The Ecological Backpack

Ecological Backpack shows consequences of consume
20 Apr 2021

Every product carries an ecological backpack from manufacture through to disposal. It is filled with the weight of all materials consumed during the product’s entire lifetime. In view of the increasing global shortage of resources, a calculation model such as the ecological backpack is vital in terms of raising awareness of the use of resources.

A certain quantity of raw materials is consumed at each stage of a product’s lifetime – whether production, transport, usage or disposal. The ecological backpack represents the resulting total weight. However, this model can not only be used to put a figure on the ecological impact of products but also on the consequences of specific services, one’s own lifestyle or entire national economies. The heavier the ecological backpack, the more harmful the consequences for the environment.

The ecological backpack should not be confused with the ecological footprint. Rather than the total weight of consumed raw materials, the ecological footprint symbolises the surface area required to cover the demand for resources. The surfaces considered include forests, pasture and arable land as well as ocean surfaces. The ecological footprint is also used for the annual calculation of Earth Overshoot Day. Last year it fell on 22 August. This means that the global population is using natural resources 1.6 times faster than they can regenerate.

The MIPS formula as the basis for the model

The ecological backpack model is based on the MIPS formula (Material Input per Service Unit) developed by the Wuppertal Institute. The total of all raw materials moved and extracted during the lifetime of a product is divided by the product use. The use of a car, for example, would be the number of kilometres one can drive from purchase to the day the vehicle is scrapped. The material input comprises both biotic and abiotic raw material, water, air and erosion. The Institute’s resource calculator can be used to analyse one’s own lifestyle and its impact with regard to elements of daily living such as housing, consumption, nutrition, leisure, mobility and holidays. The calculation acts as a basis for providing recommendations on how to use resources more efficiently.

The ecological backpack of a smartphone

Would you ever have thought that a mobile phone weighing just 80 grams carries a backpack weighing over 75 kilograms? This high figure is mainly the result of the processing of metals such as copper. Roughly 3.5 kilograms of natural resources are moved to produce 10 grams of copper, which is installed in smartphones in the form of cables and printed circuit boards. Besides the extraction of raw materials, usage is a main contributor to the life cycle assessment followed by production and disposal.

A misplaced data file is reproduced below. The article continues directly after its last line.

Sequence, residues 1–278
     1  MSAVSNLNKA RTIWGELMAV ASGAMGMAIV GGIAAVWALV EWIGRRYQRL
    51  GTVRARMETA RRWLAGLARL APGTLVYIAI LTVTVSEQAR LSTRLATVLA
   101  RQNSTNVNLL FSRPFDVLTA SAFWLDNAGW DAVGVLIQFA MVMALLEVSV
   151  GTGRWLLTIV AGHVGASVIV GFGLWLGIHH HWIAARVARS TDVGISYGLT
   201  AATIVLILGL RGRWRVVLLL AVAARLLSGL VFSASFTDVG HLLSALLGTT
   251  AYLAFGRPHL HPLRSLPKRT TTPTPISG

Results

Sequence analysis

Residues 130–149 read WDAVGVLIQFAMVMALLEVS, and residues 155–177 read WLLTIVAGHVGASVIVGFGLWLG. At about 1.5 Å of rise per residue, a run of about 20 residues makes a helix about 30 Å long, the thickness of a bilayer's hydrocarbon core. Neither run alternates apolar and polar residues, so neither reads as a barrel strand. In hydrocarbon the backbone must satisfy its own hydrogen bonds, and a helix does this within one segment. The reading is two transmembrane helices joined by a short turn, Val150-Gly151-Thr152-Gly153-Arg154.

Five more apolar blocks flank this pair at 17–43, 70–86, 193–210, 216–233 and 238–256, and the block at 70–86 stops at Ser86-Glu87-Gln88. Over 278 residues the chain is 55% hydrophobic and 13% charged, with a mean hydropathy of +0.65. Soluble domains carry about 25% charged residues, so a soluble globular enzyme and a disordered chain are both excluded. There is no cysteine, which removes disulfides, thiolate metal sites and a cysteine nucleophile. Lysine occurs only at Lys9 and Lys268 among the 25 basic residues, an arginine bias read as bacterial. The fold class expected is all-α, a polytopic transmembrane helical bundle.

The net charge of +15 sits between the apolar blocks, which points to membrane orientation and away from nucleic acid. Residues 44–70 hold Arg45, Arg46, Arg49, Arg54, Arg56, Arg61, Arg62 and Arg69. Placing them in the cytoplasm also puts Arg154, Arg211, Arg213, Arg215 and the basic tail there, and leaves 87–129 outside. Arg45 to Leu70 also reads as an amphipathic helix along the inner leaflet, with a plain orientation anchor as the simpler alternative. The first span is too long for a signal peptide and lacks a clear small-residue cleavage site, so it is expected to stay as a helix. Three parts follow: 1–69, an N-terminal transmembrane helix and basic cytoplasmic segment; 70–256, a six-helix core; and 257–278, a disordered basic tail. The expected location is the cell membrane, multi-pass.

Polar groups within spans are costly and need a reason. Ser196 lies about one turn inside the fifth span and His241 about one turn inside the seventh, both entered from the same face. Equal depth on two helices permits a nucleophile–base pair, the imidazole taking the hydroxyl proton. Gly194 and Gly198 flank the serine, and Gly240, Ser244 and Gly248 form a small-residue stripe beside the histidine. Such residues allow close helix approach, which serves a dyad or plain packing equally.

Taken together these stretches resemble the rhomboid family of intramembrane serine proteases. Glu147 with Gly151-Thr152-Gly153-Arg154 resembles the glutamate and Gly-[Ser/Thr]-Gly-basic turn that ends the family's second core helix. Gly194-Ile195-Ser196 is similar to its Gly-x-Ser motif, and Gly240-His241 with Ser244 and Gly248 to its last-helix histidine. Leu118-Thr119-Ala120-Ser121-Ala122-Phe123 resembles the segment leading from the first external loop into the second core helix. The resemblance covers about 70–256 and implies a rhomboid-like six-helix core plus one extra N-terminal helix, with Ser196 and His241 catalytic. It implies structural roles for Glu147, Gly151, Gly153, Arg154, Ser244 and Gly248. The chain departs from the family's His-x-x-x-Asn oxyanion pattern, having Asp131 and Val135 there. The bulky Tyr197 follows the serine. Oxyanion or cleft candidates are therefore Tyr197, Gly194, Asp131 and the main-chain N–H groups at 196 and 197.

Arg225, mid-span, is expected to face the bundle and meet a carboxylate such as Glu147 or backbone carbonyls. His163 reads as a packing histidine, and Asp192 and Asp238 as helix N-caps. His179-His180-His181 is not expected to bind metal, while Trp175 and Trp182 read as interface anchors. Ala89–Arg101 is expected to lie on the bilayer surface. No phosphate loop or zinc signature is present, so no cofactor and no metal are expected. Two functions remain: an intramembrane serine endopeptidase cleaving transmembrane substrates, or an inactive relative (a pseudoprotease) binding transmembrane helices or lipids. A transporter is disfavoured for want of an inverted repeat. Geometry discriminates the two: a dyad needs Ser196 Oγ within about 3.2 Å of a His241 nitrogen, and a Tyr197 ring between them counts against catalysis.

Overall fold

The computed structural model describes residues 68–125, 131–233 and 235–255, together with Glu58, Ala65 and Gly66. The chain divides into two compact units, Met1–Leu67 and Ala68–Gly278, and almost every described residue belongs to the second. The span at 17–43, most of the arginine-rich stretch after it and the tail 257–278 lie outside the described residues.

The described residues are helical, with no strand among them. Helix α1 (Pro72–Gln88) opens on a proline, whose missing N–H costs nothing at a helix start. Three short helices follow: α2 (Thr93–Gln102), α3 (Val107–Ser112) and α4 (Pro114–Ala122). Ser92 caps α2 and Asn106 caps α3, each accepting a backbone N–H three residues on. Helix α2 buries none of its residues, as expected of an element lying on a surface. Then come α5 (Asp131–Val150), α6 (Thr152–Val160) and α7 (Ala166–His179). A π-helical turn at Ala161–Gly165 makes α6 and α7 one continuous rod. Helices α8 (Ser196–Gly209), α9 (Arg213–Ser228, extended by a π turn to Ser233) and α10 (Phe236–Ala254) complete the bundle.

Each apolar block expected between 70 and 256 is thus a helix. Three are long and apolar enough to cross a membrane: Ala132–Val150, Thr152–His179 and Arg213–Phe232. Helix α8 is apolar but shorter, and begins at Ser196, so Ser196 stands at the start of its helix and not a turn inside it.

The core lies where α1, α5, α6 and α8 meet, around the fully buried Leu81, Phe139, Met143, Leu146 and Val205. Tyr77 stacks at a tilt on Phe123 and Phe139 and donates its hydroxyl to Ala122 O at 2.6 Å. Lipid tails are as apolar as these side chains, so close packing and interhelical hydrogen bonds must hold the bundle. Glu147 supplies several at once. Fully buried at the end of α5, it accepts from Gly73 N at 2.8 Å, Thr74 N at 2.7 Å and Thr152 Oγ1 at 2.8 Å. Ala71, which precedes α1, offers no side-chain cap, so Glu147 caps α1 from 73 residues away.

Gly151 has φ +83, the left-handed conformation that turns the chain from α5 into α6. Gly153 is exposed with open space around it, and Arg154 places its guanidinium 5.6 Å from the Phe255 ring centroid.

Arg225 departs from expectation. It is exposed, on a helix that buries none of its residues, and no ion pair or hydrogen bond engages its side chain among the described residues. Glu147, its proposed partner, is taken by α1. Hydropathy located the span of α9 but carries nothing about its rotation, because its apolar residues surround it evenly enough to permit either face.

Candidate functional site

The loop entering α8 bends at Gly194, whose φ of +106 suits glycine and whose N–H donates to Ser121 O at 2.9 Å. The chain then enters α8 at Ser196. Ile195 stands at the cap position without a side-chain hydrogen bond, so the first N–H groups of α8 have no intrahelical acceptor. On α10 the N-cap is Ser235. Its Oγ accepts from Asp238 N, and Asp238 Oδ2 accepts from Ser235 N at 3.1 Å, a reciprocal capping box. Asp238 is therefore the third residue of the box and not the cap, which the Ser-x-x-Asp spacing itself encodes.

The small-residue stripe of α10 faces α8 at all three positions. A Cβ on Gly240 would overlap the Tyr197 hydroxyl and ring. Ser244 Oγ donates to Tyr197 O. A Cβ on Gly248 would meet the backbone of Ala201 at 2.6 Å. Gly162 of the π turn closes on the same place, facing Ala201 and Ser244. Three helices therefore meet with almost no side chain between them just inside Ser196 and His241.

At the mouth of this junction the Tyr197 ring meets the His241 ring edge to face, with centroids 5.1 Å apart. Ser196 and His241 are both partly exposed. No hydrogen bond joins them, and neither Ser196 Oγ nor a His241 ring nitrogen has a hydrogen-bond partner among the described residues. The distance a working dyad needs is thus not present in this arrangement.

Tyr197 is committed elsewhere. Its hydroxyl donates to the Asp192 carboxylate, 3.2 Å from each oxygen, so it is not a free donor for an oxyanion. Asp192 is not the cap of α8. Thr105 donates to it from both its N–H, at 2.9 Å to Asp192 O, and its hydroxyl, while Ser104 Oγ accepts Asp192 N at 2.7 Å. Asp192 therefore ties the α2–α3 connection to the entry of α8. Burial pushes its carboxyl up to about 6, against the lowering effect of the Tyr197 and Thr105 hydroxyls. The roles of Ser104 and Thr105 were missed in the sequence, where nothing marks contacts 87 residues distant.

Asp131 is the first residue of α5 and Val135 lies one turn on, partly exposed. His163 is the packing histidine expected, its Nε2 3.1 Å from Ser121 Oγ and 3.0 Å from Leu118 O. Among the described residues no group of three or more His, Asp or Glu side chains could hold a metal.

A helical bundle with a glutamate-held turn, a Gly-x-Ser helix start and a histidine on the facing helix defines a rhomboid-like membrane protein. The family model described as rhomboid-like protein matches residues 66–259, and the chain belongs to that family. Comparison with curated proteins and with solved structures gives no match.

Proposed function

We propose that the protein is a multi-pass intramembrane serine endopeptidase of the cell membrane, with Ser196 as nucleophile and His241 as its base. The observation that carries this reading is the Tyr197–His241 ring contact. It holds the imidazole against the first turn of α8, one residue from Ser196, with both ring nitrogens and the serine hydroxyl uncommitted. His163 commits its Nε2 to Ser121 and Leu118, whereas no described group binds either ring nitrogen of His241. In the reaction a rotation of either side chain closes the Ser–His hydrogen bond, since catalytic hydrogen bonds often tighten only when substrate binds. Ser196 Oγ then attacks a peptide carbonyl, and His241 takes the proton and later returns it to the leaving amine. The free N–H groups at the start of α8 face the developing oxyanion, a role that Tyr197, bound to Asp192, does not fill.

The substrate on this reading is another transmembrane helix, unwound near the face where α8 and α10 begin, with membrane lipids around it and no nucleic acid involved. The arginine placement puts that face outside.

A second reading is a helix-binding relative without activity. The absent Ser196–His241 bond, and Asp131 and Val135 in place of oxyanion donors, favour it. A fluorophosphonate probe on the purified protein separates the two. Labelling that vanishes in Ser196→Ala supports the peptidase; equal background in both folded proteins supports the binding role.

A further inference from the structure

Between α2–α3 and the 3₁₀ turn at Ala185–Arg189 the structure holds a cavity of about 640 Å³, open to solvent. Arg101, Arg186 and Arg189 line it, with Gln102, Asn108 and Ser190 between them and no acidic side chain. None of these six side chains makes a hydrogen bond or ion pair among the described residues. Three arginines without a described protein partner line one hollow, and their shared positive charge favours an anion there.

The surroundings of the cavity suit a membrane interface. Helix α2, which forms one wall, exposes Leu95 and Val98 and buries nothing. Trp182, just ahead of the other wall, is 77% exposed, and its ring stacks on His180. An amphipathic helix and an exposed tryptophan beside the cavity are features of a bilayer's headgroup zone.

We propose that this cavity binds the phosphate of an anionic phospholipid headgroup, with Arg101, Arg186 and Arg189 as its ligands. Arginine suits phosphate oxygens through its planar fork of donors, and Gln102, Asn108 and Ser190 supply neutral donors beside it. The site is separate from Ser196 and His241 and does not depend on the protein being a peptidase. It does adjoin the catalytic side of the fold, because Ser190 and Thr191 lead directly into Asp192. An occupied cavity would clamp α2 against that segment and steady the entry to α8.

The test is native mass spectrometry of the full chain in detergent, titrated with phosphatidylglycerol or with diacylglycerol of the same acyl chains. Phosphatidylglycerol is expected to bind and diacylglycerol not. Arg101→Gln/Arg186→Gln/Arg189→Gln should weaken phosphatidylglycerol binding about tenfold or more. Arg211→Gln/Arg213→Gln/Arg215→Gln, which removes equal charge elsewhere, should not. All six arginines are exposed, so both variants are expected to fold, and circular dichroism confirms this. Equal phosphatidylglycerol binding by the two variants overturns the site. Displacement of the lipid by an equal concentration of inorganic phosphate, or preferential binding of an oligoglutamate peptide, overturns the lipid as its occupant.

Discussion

Big differences are possible here, depending on the material concerned. For example, producing one kilogram of paper requires 15 kilograms of resources: in other words, the input is 15 times greater. On the other hand, the input for aluminium production is 85 times greater and for gold a massive 500,000 times greater.

Criticism of the ecological backpack model

Despite analysing the entire life cycle of a product, the ecological backpack does not consider all environmental impact. For example, critics observe that, although the assessment of cotton production takes the production input of pesticides into account, it fails to consider the ecological consequences of their use. In some circumstances, the input of air or water may also be excluded from the calculation.

By focussing on the weight of raw materials consumed, certain factors are evaluated differently than they would be when measuring the CO2 footprint, for example. This means that assessment of the same product, a used car for instance, can be positive in terms of resource consumption but much more negative when taking CO2 emissions into consideration. Each assessment model is based on a different standard. Therefore, in order to achieve maximum objectivity, multiple assessment methods have to be used at the same time and the various results compared. For example, in addition to the already mentioned ecological backpack and (CO2) footprint, the water footprint or virtual water model can also be applied.


Despite the weaknesses discussed here, the ecological backpack is a suitable tool for assessing one’s own use of resources and the impact of consuming specific products. As with the ecological footprint, special computers can be used to specify how environmentally-friendly or damaging one’s own behaviour is and what measures can be taken to improve it. The efficient use of scarce resources, greater awareness of our consumption behaviour and returning products to the material cycle by refurbishing or recycling are necessary steps in conserving our planet’s finite resources.

Julia Schuch